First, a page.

Centre for Research on Discretion and Paternalism Bergen

– I hope to promote children’s position in society

NEW RESEARCHERS: Dr. Katre Luhamaa, Daniel Nygård and Sveinung H. Nygård.

Katre Luhamaa (left) is an estonian researcher with a clear goal as an academic.

– I hope to promote children’s position in society through my research.

Together with Daniel Nygård (right) and Sveinun H. Nygård (not present at the photo), is one of the three new researchers who have taken up positions at Centre for Research on Discretion and Paternalism in 2018.

Luhamaa has a Ph.D. in Law, and has conducted research in the fields of international law, EU law and human rights. Her thesis asked if children’s rights are universal, and studied Estonia, Finland and Russia.

– Even though the three countries have all ratified the European Convention on the Exercise of Children’s Rights, there are differences in how this is incorporated in national law, as well as in legal practice. The legal protection of children is most advanced in Finland, and worst in Russia.

– I also found that states often hide behind translation: The original law and the official English translation often differs in substance. According to the English version states seem to conform to international standards on children’s right. However, when you look at the original law and the national context, the picture can be quite different.

High ambitions

Luhamaa will be at the centre for a period of two years.  Along with her family, she moved to Bergen from Tartu, where she worked as a lecturer at the university.

– Tartu and Bergen have some similarities. Both are the second largest city in their countries, and both are university cities with many students.  However, the landscape is very different.  The highest mountain in Estonia is just above 300 meters. You would probably not call it a mountain, but a small hill. The family look forward to exploring the mountains surrounding Bergen, and also the seaside.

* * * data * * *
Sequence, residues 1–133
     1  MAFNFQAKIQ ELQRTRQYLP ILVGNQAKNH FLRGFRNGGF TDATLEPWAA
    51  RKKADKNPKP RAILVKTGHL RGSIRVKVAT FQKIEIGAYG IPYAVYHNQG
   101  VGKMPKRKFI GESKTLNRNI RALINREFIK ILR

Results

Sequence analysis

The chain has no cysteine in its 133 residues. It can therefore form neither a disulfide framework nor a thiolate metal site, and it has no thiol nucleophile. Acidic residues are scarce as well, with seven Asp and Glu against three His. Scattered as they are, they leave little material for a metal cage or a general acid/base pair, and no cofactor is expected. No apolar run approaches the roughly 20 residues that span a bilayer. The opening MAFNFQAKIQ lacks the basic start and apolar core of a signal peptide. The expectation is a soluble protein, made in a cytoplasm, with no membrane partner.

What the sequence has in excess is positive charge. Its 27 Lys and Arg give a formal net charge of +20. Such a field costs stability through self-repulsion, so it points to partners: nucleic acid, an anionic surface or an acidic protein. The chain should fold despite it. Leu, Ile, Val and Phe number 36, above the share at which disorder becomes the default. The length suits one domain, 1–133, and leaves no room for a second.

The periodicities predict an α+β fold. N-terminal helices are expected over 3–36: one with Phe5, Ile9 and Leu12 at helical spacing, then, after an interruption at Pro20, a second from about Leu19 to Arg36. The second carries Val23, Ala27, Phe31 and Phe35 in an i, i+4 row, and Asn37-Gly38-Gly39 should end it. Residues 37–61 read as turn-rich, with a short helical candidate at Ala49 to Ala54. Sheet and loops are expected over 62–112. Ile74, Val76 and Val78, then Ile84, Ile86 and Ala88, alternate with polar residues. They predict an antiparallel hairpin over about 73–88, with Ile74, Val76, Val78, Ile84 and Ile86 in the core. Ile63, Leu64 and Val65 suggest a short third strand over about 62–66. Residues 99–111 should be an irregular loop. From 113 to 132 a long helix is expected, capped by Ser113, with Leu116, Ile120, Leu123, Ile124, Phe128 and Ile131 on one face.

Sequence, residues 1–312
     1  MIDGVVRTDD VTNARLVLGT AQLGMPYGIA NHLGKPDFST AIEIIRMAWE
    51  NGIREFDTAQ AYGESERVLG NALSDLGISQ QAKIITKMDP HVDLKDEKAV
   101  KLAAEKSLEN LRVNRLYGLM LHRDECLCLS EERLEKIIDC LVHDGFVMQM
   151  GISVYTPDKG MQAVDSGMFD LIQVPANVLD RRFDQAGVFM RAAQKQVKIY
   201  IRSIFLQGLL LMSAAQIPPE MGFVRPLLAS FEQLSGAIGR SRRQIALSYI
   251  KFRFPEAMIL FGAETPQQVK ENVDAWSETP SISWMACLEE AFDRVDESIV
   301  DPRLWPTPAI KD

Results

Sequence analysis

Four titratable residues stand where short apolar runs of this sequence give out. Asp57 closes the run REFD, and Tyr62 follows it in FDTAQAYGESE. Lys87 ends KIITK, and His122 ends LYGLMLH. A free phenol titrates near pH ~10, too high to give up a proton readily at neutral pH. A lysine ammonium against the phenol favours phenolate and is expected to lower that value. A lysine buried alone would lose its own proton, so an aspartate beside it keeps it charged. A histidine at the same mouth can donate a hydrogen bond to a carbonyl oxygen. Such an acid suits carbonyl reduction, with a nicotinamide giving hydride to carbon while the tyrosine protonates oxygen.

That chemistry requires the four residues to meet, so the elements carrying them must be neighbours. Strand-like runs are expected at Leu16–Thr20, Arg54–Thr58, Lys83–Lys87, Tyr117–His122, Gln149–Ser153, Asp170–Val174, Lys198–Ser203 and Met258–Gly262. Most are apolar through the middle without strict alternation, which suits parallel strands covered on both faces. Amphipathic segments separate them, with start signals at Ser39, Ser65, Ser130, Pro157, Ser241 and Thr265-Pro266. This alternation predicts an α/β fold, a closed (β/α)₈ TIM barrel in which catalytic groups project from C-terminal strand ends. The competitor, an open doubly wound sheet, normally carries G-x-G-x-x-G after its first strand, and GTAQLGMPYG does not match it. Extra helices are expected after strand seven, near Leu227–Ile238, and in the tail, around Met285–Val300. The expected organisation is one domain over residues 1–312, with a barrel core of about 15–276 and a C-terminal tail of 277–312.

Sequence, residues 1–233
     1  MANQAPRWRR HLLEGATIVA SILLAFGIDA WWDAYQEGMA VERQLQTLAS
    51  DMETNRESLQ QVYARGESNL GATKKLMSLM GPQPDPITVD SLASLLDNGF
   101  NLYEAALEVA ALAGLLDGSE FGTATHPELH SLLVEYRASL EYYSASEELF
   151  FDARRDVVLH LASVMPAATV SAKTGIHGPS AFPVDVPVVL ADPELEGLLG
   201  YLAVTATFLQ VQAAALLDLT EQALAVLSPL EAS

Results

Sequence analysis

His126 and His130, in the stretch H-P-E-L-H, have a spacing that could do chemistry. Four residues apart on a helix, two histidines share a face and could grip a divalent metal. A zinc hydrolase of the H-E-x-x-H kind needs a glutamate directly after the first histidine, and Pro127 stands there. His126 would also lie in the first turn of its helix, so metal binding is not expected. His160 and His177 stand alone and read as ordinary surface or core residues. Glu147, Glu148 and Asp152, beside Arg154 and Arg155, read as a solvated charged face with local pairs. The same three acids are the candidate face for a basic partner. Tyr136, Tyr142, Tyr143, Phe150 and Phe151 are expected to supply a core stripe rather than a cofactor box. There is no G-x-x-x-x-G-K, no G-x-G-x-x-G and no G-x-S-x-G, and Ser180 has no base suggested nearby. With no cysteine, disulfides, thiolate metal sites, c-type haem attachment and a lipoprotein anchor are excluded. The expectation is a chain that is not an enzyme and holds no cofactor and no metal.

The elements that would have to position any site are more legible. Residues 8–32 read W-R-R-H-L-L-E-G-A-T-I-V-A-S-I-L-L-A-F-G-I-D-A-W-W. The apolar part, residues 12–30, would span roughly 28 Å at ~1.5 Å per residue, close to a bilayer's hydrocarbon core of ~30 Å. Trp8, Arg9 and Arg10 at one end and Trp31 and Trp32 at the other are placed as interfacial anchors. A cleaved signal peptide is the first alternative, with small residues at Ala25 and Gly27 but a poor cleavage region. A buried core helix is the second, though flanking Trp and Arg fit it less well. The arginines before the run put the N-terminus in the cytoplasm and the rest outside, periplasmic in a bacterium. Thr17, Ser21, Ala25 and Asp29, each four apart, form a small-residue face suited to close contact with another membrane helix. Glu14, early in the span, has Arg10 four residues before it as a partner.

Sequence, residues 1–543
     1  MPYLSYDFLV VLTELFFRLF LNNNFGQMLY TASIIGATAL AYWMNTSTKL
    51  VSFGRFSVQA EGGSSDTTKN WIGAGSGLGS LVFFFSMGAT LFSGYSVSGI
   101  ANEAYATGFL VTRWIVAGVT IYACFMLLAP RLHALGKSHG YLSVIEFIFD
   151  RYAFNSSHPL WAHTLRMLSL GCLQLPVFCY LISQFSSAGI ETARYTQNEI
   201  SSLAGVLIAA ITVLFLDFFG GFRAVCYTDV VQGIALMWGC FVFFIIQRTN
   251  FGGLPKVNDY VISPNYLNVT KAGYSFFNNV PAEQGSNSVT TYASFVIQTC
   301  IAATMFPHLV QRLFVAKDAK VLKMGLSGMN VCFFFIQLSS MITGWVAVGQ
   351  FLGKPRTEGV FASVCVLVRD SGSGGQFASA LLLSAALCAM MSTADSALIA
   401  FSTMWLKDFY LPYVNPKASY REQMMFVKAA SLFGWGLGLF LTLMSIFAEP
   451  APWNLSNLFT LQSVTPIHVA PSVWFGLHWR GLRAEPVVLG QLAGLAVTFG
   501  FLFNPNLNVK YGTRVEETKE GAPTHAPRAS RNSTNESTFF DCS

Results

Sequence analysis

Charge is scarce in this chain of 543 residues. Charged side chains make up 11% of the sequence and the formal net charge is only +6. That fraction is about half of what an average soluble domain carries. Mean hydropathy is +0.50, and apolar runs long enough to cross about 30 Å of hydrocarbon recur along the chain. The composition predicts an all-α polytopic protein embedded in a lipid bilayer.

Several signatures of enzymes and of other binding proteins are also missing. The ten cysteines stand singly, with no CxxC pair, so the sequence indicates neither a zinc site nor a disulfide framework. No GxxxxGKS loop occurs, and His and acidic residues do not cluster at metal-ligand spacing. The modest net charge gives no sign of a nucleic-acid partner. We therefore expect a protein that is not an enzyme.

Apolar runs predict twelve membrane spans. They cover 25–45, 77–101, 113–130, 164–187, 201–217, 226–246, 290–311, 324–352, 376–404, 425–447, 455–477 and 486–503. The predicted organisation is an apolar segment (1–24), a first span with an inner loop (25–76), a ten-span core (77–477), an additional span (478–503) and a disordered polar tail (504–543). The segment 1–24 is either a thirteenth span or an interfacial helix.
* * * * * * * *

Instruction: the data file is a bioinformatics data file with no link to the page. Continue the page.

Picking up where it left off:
Luhamaa express her appreciation to the International centre at UiB, which helped her with all the practicalities of relocating to Norway. This allowed her to focus more on research.

– I find the the DISCRETION-project which I will work with very interesting, both substantially and methodologically. The project is interdisciplinary, and I think we can learn a lot from each other across the disciplinary borders.

– It will also be interesting to find out more about how larger scale interdisciplinary research projects are managed. I will learn as much as I can from Marit, and use this opportunity to establish myself as a researcher and hopefully apply for a grant myself by the end of the period.


Daniel Nygård is also new to the Centre, but not to the University of Bergen. He holds an M.Phil. from the Department of Administration and Organization Theory, and comes from a position as adviser on online learning at the Learning Lab at UiB. Daniel will function as a coordinator for the research projects at the centre, and will also have responsibility for dissemination of research results.

–  Discretion, paternalism and child protection are new topics for me, as my thesis focused on branding in higher education. But I find the field very interesting, and I look forward to learn more.

Sveinung H. Nygård (small picture) is the third new researcher. He is a specialist in child and adolescent psychology, with more than 12 years of clinical experience from the field. Sveinung works as a Psychologist at the Office for Children, Youth and Family Affairs (Bufetat), and will be associated with the centre in a 20% position on the Adoption-project.

– I have previously functioned as an expert in child protection cases. It will be most  interesting to look at such cases from the perspective of a social scientist. I find the research conducted by Marit Skivenes and others on child protection to be very important, and hope to to use my expertise to contribute to the research.


Comments are closed.